For thousands of years, winter rains in the Los Angeles River watershed created a year-round creek.
In the summer months, save for in aquifer-fed areas like the Elysian Valley, water slowed to a trickle.
Today, during the summer months, the concrete channel of the Los Angeles River carries a higher and more constant volume of water than ever before. This increased flow comes primarily from water reclamation plants (WRPs) and, to a lesser degree, from street runoff. The majority of the treated water flows from the Donald C.Tillman WRP, located adjacent to the Sepulveda Basin Wildlife Reserve. The Tillman adds approximately 60 million gallons of reclaimed water to the LA River each day. It also supplies water to Balboa Lake, the Japanese Garden, and two golf courses located in the Sepulveda Basin. Additional treated discharge runs to the LA River from the Burbank WRP, the Los Angeles/Glendale WRP in North Atwater, and the Whittier Narrows WRP on the Rio Hondo.
These wastewater plants take in sewage and grey water from toilets, sinks, showers, and drains. They then clean the waste water via an array of technologies, including settling, aeration/digestion, and filtration. The result is treated water that, while not safe to drink due to higher-than-normal bacteria counts, is nearly as clean as fresh water.
This year-round volume of reclaimed water has made an impact on the river’s ecology. The constant flow has aided the expansion of plant life, birds and fish populations in the scenic, soft-bottomed sections of the river. At the same time, it has allowed the proliferation of algae, and of non-native fish and plant populations. These include the castor bean plant, and Arundo donax, an invasive bamboo The introduction of the mosquito fish, meanwhile, has helped decimate the river’s native frog population.
Environmental plans are underway to increase the Southland’s use of this reclaimed water for landscaping and industrial uses, which would help reduce the county’s dependence on imported water. Unfortunately, this would also reduce the amount of water flowing into the river. If the reclaimed water were to be diverted for other uses, the river channel would become drier than it is today. This proposed reduction in volume will, hopefully, proceed with care in order to ensure that the habitat now supported by the river does not unduly diminish.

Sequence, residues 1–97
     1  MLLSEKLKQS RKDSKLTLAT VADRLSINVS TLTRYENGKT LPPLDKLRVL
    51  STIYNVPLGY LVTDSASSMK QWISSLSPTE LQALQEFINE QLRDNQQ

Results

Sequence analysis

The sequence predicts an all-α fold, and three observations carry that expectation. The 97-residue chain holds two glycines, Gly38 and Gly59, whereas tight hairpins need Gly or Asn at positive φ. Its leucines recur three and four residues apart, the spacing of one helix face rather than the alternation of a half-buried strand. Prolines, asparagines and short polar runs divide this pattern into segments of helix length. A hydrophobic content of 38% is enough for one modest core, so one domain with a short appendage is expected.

In the winter months, with over 60 percent of the river’s urban watershed now paved or built up, the rainwater has a much harder time seeping into the ground to replenish the region’s subterranean aquifers. Instead, the water quickly runs into storm drains, which lead to over 400 miles of concrete-lined tributaries. These feed the main river channel, a mix of runoff and wastewater that, ultimately, empties directly into the Pacific.
The winter storms also flush the city’s streets of oil and radiator and transmission fluids. They wash away trash and fluids that thoughtless residents have dumped into storm drains. As this pollution drains from the river into the Pacific, it creates water conditions far more hazardous than those resulting from the WRP’s discharges.
Much progress has been made in the last decade to clean up storm water pollution. The Federal Clean Water Act has motivated both county and city departments to step up their stormwater pollution abatement projects.
Today, the city’s Watershed Protection Division conducts 23,000 semi-annual inspections at local industrial and commercial sites, including restaurants, gas stations and vehicle maintenance facilities. The city has also set up a toll-free hotline (1-800-974-9794) for residents to report abandoned waste, accidental spills, clogged catch basins, and illegal discharges into the streets or storm drain system. Callers can also request public education materials, including brochures, stickers and posters.
The Bureau of Sanitation now monitors ocean water quality at 18 coastal sites between Malibu and Torrance each day. When bacteria levels exceed acceptable amounts, the affected beaches are closed.
Each year, LA’s Bureau of Sanitation crews clean up the 30,000 storm drains, screens that have been placed at street level to catch debris. A fleet of 23 trucks, outfitted with suction hoses and storage tanks, vacuum trash out of clogged catch basins. This prevents street flooding, and helps keep trash from reaching the river.
The California Department of Resources Recycling and Recovery provides recycling services. The Los Angeles Bureau of Sanitation also offers a variety of oil recycling centers to encourage residents not to dump used oil in the street.
The leading Santa Monica environmental group, Heal the Bay, has partnered with the Los Angeles Department of Public Works to paint signs on storm drains, which remind residents that each drain is a direct artery to the ocean. FOLAR holds El Gran Limpieza, an annual cleanup during which thousands of volunteers remove over 30 tons of shopping carts, tires, and other trash from the river. Every agency and every Angeleno needs to do their part to prevent the build-up of trash in the river and on beaches, and to protect the city’s groundwater supply.